No-tipping policies are making waves in the restaurant industry. While it’s not the first time operators have tried to do away with tips, some believe the time is right. “People are ready for a different system,” says Cristian Mora, co-owner of Girard in Philadelphia, which adopted a no-tipping policy when it opened in November.
But it’s not as simple as just getting rid of tips. There are a number of considerations, legal and otherwise, to take into account as well. Here, attorney Carolyn D. Richmond, co-chair of the hospitality practice group at Fox Rothschild LLP in New York City, addresses some of the questions and concerns surrounding traditional gratuity elimination.
What are some of the most important issues to take into account when entertaining the idea of starting with or switching to a no-tipping policy?
This has been a hot-button issue for some time and it is coming to an apex now with class-action lawsuits, talk of a $15 minimum wage, Obamacare, paid time off laws and abolishing tip credits. For any restaurateur contemplating a switch to “no-tipping,” there are a few key factors to consider:
- What will be the reaction of your staff? Despite all the adverse press, when push comes to shove, most servers will likely tell you they like the risk/reward of holding out for that big gratuity, a reward rather than a charge.
- Where will the money come from for an increase in wages? Restaurant owners who are considering this must sit down with their accountants and bookkeepers and figure out two sets of numbers: First, what is the average wage that tipped employees are earning, and what will you now have to pay as an hourly loss in tips. Second, where and how will you get the money to pay for that significant payroll increase? Increase food and beverage costs to the guests directly? Use of a service or administrative charge tacked on to the guest’s bill? Reduce headcount and cross-train employees to do more job functions?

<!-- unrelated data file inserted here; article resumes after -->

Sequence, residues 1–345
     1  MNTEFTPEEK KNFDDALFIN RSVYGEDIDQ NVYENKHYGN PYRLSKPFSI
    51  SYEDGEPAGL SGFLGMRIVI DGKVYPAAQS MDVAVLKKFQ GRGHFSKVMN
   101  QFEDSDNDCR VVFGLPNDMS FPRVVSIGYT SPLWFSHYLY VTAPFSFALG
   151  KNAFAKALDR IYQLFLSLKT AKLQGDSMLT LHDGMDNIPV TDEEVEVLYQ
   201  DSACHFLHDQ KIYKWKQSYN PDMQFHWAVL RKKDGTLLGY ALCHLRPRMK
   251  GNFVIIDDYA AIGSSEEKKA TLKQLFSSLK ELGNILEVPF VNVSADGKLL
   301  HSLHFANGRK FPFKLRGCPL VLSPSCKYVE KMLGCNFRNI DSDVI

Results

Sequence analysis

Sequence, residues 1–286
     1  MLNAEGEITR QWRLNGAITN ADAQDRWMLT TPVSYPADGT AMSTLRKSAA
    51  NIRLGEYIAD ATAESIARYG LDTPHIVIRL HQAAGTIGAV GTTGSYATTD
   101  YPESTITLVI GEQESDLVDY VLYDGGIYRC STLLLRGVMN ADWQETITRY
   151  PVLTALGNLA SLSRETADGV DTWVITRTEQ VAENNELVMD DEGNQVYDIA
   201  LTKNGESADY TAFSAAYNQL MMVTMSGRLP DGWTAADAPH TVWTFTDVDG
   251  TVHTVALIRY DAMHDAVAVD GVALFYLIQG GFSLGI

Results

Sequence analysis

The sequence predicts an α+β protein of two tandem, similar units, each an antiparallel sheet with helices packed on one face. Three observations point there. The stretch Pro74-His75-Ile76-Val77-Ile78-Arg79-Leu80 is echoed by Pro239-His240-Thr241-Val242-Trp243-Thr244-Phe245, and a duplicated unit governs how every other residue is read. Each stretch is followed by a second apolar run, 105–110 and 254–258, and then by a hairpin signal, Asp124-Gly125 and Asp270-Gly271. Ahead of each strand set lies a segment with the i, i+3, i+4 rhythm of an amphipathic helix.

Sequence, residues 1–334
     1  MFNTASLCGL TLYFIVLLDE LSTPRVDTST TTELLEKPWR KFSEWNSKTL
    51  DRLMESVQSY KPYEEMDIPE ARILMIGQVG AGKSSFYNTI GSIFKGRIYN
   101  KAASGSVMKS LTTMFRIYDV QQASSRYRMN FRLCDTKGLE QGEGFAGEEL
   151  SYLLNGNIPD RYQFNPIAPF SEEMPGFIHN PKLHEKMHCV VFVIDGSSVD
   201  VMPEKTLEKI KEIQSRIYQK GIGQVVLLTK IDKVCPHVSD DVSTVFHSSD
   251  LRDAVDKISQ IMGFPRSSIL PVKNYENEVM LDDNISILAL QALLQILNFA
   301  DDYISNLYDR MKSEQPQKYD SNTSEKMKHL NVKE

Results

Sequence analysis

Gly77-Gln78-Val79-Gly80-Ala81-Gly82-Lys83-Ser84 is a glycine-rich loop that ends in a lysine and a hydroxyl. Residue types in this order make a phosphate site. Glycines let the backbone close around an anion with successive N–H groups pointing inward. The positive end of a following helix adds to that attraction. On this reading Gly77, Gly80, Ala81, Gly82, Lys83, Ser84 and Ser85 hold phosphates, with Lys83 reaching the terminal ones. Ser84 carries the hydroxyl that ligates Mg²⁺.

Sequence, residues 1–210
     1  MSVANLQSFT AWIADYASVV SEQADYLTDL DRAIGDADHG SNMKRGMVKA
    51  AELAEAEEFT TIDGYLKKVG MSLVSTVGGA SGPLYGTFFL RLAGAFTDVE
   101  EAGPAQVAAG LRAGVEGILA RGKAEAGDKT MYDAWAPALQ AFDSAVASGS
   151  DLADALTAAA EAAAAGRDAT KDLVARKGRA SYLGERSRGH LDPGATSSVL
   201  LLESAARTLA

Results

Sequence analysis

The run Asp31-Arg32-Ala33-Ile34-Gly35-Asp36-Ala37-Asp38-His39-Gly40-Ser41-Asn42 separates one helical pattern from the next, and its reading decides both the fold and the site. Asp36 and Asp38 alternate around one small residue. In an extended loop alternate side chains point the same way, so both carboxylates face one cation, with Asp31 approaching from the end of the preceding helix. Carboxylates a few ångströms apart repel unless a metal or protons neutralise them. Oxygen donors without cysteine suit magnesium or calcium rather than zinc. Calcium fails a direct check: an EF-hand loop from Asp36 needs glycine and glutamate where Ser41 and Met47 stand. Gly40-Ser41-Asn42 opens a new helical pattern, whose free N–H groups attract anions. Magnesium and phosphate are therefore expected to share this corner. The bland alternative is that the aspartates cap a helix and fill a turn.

- How will the customer react to the increased costs?
From the legal perspective, are there any risks to no-tipping policies?
There are a number of legal concerns. First, a restaurant cannot actually “ban” tipping. While you can strongly discourage guests from leaving a tip, you can remove a gratuity line from a credit-card slip and can prohibit employees from putting out tip jars, at the end of the day, you cannot prohibit a guest from still leaving a $20 in a check fold or on a bar.
The problem for restaurants that get rid of tipping and switch to a service charge or no-charge-at-all policy is that they still need to contend with the possibility of a cash tip. If you start requiring servers to tip share … you end up right back in the legal landmine of who is entitled to tips. The best advice is to let the server keep the cash tip and do not require tip sharing—but still require IRS tip reporting.
What kind of potential legal ramifications could stem from no-tipping policies?
The IRS will likely be looking to make sure taxes are being handled correctly on any “charges” being assessed.
What are the questions you hear most from operators entertaining a shift to a no-tipping policy?
How will the customer respond to an increase in prices? Will I lose my best staff? Right now, those answers are a bit unknown, but as usual, the coasts are leading the way, and we are seeing a number of San Francisco, Los Angeles and New York City restaurants looking to change the systems in the first quarter of 2015.
What don’t operators know about such a policy? Are there any legal nuances that need to be considered when developing a no-tipping policy?
This is a loaded question. Until about 10 years ago, no one questioned how restaurants operated; a blind eye was often turned to those operators where cash wages, salary instead of overtime and tip pools that might have included the wrong job classification were the norm. However, all along we had a very intricate set of state and federal wage and hour laws that sometimes parallel consumer affairs and tax laws that affected tipping and the wages of restaurant workers. When the private lawsuits started coming in and Departments of Labor started poking around, some restaurant owners were slow to figure out the maze of laws. It is far from easy to understand the laws surrounding restaurant operations—it can be done, but it’s not easy.